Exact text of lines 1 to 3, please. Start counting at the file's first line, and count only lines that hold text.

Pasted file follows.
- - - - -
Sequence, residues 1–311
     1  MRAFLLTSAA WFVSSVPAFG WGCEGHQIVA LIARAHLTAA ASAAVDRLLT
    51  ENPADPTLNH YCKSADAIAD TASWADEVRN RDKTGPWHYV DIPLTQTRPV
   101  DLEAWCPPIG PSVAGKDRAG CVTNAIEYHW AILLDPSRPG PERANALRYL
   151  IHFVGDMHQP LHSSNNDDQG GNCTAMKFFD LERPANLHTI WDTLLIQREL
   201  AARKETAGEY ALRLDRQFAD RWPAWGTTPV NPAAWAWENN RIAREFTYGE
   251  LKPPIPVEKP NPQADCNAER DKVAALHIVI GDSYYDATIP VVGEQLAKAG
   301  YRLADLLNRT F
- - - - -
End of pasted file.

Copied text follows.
Sequence, residues 1–311
     1  MRAFLLTSAA WFVSSVPAFG WGCEGHQIVA LIARAHLTAA ASAAVDRLLT
    51  ENPADPTLNH YCKSADAIAD TASWADEVRN RDKTGPWHYV DIPLTQTRPV